New Public Charge Rules for Consular Processing

I’ve previously posted about the proposed changes to the rules about “public charge.” While these rules don’t apply yet to people getting their green card inside the United States (known as “adjustment of status), if you are getting your green card from a consulate outside the United States (known as “consular processing”), it is important to understand that new “public charge” rules are already being enforced. 

What does “Public Charge” Mean?

According to the law, you are a public charge if you mainly depend on the government for cash benefits. The consulate does not have to believe that you have been a public charge in the past. They only have to believe that you are likely to become a public charge in the future. 

The “Old” Public Charge Rule

The old rule said a person would not be considered a public charge if the petitioner or a joint sponsor filed an I-864 and proved to have an income over 125% of the poverty guidelines

The “New” Public Charge Rule

With the new rules, an I-864 and proving income over 125% of the poverty guidelines isn’t enough to satisfy the public charge requirement. The consulate will now consider your circumstances along with the I-864. The government will at least consider your age, health, family status, assets, resources, financial status, education, and skills. According to the rule, the consulate is allowed to consider other factors that the decision-maker thinks are relevant.


If you are under 18 years of age and are not coming to the United States with a parent or guardian, you may be considered a public charge if you cannot show that you have skills to get a job. If you are elderly, the consulate may believe that your mature age will cause additional healthcare costs.


If you have a health problem that is likely to cost a lot of money, the consulate can use that to say you are likely to become a public charge, especially if you cannot prove you have health insurance in the United States.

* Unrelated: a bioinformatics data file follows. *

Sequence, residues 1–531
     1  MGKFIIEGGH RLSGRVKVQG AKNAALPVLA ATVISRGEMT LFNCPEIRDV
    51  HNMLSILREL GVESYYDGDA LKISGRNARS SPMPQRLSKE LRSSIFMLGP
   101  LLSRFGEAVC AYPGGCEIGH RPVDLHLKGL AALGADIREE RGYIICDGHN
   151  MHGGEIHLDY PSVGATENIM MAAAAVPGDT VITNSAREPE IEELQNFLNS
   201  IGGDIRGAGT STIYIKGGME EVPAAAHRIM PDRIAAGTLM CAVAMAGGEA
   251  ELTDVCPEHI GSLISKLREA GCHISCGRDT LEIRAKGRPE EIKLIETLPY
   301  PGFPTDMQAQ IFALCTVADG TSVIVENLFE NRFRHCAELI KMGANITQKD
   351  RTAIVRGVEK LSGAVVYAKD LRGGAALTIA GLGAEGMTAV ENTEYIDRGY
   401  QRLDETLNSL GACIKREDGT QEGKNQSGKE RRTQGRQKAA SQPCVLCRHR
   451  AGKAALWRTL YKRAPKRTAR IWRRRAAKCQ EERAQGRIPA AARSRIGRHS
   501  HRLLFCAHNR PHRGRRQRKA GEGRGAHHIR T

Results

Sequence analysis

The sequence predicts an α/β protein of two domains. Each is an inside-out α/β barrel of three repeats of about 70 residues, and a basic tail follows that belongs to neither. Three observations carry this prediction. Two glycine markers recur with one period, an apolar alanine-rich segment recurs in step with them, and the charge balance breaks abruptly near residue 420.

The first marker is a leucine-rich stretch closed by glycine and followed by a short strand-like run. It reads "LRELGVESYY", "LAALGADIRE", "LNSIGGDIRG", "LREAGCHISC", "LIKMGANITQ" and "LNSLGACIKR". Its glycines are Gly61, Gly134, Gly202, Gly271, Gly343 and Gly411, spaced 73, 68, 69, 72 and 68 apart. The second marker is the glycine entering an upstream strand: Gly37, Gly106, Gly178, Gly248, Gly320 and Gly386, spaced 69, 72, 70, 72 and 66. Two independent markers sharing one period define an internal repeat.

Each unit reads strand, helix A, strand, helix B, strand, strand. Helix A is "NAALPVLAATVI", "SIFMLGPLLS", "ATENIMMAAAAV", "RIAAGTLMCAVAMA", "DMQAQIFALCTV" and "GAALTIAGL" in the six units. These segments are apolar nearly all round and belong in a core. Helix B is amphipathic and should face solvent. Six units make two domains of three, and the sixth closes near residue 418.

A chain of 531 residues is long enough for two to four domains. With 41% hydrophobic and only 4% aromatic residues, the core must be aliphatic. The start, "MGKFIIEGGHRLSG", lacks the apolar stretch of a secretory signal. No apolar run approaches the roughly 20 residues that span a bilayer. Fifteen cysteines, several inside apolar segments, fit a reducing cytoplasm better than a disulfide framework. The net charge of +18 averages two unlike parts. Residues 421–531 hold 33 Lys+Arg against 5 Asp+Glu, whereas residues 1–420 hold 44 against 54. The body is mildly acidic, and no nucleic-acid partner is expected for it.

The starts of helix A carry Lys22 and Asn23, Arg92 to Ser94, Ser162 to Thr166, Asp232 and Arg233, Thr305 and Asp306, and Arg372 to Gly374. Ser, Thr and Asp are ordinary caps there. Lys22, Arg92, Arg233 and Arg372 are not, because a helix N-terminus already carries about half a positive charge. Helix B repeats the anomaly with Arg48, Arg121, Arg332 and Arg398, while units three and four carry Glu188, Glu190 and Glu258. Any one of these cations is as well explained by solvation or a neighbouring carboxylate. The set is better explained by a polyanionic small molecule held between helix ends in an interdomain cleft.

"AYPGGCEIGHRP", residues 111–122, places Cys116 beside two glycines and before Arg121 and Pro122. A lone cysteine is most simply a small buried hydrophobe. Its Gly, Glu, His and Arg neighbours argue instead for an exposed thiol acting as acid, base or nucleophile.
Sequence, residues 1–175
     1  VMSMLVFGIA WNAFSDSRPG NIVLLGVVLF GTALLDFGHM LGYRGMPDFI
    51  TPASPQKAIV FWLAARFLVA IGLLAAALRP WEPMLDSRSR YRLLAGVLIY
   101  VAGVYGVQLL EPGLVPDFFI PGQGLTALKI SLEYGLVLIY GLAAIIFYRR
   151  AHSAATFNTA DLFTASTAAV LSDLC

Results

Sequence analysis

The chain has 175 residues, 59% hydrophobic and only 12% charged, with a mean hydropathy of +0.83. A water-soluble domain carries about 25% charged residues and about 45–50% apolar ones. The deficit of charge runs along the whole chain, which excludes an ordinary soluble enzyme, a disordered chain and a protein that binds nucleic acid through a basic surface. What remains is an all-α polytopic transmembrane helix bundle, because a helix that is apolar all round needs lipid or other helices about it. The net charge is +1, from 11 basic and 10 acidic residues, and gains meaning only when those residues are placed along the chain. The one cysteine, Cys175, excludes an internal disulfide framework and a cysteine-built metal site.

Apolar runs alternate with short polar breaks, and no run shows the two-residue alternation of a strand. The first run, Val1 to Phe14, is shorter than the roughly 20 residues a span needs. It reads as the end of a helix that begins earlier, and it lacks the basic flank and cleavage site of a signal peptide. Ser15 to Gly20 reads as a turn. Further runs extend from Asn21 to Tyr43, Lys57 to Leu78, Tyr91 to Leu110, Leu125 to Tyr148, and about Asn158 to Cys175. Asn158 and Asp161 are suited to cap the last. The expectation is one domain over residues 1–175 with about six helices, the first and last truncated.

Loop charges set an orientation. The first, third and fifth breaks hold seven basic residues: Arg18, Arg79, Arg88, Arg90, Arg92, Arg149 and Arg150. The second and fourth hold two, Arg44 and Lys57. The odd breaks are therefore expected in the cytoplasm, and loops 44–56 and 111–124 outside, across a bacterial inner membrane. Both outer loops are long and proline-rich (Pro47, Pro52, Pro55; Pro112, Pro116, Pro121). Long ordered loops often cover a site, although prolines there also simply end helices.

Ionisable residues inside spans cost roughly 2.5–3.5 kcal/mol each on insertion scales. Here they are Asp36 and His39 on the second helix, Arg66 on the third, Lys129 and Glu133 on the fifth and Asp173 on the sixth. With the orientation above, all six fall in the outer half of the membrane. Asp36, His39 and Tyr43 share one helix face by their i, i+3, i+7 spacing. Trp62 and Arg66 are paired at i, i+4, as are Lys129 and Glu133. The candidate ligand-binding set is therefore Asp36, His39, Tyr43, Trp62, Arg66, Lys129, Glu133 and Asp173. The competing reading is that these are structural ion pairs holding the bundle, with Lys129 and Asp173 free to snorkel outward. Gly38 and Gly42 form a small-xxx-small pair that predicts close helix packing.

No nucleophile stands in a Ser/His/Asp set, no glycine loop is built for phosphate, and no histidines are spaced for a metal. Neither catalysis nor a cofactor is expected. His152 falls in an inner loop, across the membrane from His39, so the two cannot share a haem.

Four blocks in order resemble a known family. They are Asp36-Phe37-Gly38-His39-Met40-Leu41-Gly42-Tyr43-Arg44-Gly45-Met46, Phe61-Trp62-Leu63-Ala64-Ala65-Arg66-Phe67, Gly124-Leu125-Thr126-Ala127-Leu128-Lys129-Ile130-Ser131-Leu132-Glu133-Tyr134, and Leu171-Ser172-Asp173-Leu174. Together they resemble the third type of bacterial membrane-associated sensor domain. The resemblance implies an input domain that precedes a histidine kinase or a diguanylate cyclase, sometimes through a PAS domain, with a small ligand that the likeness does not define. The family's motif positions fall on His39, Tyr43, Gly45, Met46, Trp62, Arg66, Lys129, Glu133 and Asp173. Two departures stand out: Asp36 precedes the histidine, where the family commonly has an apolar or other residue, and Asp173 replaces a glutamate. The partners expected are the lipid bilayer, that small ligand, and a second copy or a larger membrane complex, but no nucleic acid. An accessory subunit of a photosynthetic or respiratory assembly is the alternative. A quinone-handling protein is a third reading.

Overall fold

Family Status

Having a large number of people who depend on you financially may be a reason the consulate considers you to be likely to become a public charge.

Assets, Resources, and Financial Status

Instead of only looking at the petitioner or joint sponsor’s financial information, the consulate can now look at your financial information. If you do not have significant assets or you have a history of being unemployed, the consulate may hold this against you. 

Education and Skills

If you are unable to demonstrate that you have enough education or skills to get a job, the consulate may consider you likely to become a public charge.

How to Address Public Charge Factors Under the New Rules

To prevent a public charge finding at the consulate, you will need to present more than just financial documents. If you are under 18, have your petitioner or joint sponsor write a letter explaining your relationship and why he or she wants to financially support you. If your doctor writes a letter giving you a clean bill of health, this will help you with both the age and health factors if you are elderly. If you have a large family, providing a credit report that shows a small number of derogatory marks will help show that you are able to financially manage your large number of dependents. You, your petitioner, or your joint sponsor should provide evidence of any assets you have, like a house, car, or savings account. Submit letters from previous employers or educational certificates to show that you are able to get and keep a job. Even if you don’t have a prior education, enrolling in and taking a course that will help you establish job skills will show the consulate that you are willing to put forth effort to be employed. 

What Happens If the Consulate Says I Am a Public Charge?

If the consulate says you are likely to become a public charge, you’ll be considered “inadmissible” and will not be given a green card. If you have an approved I-601A provisional waiver, your waiver will be revoked. As immigration lawyers, we use our skills, knowledge, and experience to help you avoid a denial based on public charge considerations. 

Our Immigration Lawyers Can Help

If the consulate decides that it considers you to be a “public charge,” you won’t get a green card and you won’t be allowed to come to the United States. Many people have been stuck outside of the United States because the consulate says they are a public charge. It is important to get ahead of the problem and do everything you can to prevent being labeled a public charge before you go to your interview at the consulate. Contact the Goldstein Immigration Lawyers for help with your immigration case today.